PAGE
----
- February 15, 2016
Better power tools for better performance
Power tools are an essential part of a metal fabrication shop. They are the handheld cousins that complement and complete the work performed by fabrication machinery.
As fabricators look to improve fabricating efficiencies and part quality, they expect to achieve it in part by the tools they use. Power tool suppliers are responding to this by providing more specialized tools aimed at specific applications.
“When looking at specialty applications, end users should be looking at tools that best suit the application at hand and have the abrasives/finishing products that produce the finish required in a fast and efficient manner,” says Randy McDonald, national training and product manager for Fein Canada, a power tool supplier based in Mississauga, ON.
“Our tools are very specific in nature,” says Tony Mirisola, product manager for power tools at TRUMPF Inc., Farmington, CT. “We’ve developed a niche in this and have designed tools around specific applications.”
By way of example, he cites a series of beveling tools, the TKF. The tools serve as a replacement for handheld grinders. “Beveling is faster, more accurate [than grinding] and the tool is adjustable to very close tolerances, something you don’t typically have with other options for this process.”
And while many power tools are designed for specific applications, the opposite may also true for other types of power tools, says Greg Londrigan, marketing coordinator with Hougen Manufacturing Inc., Swartz Creek, MI. “For unique situations where you’re unsure of what tools to use, contact the manufacturer to discuss how to solve your problem. Power tool specifications may not tell the entire story, meaning a tool might be able to be used in a different way or used beyond certain specs, using the manufacturer’s guidance.”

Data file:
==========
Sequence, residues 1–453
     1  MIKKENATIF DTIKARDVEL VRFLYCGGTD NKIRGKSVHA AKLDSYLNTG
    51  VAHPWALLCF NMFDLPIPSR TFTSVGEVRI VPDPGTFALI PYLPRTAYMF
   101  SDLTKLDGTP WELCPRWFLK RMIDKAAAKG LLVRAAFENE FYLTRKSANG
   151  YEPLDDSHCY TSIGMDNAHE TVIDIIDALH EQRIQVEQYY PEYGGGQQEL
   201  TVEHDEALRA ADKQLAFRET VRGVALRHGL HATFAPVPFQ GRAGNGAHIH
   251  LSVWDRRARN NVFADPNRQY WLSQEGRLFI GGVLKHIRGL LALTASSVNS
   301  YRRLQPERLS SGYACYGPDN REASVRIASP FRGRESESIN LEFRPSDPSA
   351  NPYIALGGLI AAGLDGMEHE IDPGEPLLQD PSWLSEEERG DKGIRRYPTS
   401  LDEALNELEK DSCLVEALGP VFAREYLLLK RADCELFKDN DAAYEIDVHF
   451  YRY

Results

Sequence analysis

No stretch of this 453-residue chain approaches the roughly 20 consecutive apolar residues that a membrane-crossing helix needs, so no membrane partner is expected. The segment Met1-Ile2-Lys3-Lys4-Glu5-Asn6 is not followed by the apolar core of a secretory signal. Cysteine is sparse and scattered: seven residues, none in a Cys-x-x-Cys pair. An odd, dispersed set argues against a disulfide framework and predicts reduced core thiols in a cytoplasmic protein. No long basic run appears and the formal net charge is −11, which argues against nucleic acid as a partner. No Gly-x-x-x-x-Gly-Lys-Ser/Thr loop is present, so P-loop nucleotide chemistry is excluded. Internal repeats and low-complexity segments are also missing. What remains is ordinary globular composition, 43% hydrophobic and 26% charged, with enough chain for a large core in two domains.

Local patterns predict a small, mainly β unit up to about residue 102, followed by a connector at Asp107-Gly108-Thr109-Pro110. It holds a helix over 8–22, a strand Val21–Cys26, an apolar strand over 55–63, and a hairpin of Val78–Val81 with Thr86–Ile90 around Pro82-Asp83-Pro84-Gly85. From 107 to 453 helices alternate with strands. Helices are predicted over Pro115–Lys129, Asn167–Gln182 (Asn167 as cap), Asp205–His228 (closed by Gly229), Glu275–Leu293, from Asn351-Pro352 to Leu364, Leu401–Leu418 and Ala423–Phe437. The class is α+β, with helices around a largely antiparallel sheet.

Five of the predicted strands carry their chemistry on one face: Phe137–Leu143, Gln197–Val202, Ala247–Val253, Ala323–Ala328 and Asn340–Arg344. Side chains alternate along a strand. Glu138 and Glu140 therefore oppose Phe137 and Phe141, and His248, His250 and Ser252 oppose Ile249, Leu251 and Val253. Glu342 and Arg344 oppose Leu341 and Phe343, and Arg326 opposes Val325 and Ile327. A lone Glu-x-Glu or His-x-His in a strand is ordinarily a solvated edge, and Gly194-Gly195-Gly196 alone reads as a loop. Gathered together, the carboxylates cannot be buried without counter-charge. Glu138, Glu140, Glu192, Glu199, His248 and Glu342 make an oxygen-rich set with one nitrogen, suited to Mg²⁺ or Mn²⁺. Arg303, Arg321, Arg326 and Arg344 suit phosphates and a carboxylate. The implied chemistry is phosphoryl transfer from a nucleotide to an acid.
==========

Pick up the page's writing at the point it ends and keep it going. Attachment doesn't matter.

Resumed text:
Ergonomics and safety are the two most significant developments in power tools, and it’s reflected in the design of many products.
“We’ve always developed tools with safety and ergonomics in mind,” says Flor Ariza, sales manager for power tools at TRUMPF. “Our drill driver, for example, is designed for the hand of the operator and fits users like a glove. It weighs only 2.5 lb (1.13 kg), which includes the weight of the battery. It’s designed for hard-to-reach areas and for tasks where the operator has to drill for long periods of time.”
When Hougen created a new family of portable magnetic drills, “safety and ergonomics played key roles in the design,” says Londrigan. “Hougen’s mag drills use a safety switch, built into the bottom of the magnet. If it detects any lift of the magnet, the safety circuitry will shut the motor off. We added an easy access ring at the back of the magnet to allow the operator to attach the safety chain quickly. Using a safety chain is vital to help protect the operator if the drill was to ever lose power or break loose from the surface.”
A key feature in the design of Fein’s new Rat-Tail angle grinders is the grip design. Called ErgoGrip, the convex-shaped grip has a handle that measures 120 mm (4.7 in.) in length. The convex shape provides maximum contact between the palm of an operator’s hand with the grip. The design offers what McDonald and Fein call “a new benchmark for fatigue-proof grinding.”
New designs and features can help address comfort and safety when handling power tools, but these changes won’t help if tools aren’t used correctly, warn suppliers. In grinding applications for example, two big issues are people using too much force beyond what the tool is designed for, and using incorrect rpms.